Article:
The travesty that is Julian Assange’s extradition hearing resumes fully on 7 September 2020 at the Old Bailey. I shall be abandoning my own legal team and going down to London to cover it again in full, for an expected three weeks. How this is going to work at the Old Bailey, I do not know. Covid restrictions presumably mean that the numbers in the public gallery will be tiny. As of now, there is no arrangement for Julian’s friends and family in place. It looks like 4am queuing is in prospect.[29]

Crowd Justice

On 20 August 2020, Assange's fiancée Stella Moris tweeted:


"Today I'm launching a Crowd Justice campaign to free Julian.

"Our children need their father back.

"Please help me make that happen."[30]

Max (14 months), Stella and Gabriel (3 years)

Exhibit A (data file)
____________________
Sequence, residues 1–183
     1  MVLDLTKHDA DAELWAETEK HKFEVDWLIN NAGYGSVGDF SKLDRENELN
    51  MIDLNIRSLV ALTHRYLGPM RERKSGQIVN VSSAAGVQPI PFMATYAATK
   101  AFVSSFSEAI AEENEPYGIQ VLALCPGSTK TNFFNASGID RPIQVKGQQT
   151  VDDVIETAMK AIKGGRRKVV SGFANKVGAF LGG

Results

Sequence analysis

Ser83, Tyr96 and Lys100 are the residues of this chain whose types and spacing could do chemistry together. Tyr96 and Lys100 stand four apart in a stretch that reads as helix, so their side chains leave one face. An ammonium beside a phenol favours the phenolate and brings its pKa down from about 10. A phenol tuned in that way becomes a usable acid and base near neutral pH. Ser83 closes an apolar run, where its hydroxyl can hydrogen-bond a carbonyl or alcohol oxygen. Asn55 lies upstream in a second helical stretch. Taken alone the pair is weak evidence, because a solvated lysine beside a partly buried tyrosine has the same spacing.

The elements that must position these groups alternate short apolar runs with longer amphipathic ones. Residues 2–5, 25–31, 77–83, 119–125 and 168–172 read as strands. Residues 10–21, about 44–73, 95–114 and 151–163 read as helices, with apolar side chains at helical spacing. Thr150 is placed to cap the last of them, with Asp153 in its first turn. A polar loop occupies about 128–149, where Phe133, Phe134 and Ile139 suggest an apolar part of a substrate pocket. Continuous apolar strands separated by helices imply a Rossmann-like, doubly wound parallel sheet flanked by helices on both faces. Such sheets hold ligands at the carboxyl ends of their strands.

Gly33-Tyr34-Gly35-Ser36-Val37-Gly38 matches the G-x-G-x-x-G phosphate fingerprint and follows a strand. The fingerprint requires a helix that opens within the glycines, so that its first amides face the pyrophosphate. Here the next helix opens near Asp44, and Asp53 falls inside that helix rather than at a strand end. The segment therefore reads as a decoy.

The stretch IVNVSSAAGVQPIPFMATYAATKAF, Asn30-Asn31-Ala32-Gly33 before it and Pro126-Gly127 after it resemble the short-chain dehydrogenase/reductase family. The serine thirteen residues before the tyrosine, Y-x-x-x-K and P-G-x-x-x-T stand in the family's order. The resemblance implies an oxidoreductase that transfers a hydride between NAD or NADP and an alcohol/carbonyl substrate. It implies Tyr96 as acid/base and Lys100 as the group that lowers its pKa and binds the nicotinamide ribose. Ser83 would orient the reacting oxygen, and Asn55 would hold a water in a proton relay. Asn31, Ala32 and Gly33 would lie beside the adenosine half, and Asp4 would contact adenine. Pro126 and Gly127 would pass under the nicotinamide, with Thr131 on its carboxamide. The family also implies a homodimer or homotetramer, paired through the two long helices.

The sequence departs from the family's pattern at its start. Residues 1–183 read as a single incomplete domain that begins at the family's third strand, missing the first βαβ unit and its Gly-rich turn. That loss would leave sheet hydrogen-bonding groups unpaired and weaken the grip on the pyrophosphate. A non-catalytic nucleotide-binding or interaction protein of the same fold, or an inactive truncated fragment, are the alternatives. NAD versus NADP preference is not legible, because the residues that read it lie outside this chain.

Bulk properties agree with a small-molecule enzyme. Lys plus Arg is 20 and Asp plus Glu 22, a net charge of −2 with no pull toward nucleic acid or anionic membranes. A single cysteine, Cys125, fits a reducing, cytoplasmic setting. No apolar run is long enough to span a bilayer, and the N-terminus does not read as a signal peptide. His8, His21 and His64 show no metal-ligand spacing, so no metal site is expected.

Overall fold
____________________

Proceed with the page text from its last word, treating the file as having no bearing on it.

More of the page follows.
Thank you to every one of you who has donated to our appeal so far. Reading all of your comments has been incredibly touching and inspiring.

Yesterday I was able to take our two sons Gabriel and Max to visit Julian in Belmarsh Prison for the first time in almost six months.

Julian wanted me to thank you personally for all of the help you have provided in covering his legal fees to fight the extradition to the USA, where he faces 175 years in prison.

The visit to Belmarsh was difficult for everyone and very stressful. We had to wear masks and visors and were not allowed to touch during a 20-minute meeting. He looked a lot thinner than the last time I had seen him. He is also in a lot of pain with a frozen shoulder and a sprained ankle.

However, it was great that Julian was able to see his children. Gabriel showed him that he can now recite the alphabet and count.

The total legal costs of fighting the extradition have already exceeded £500,000 even though all of the lawyers involved are working for a fraction of their usual rates – with most working for free.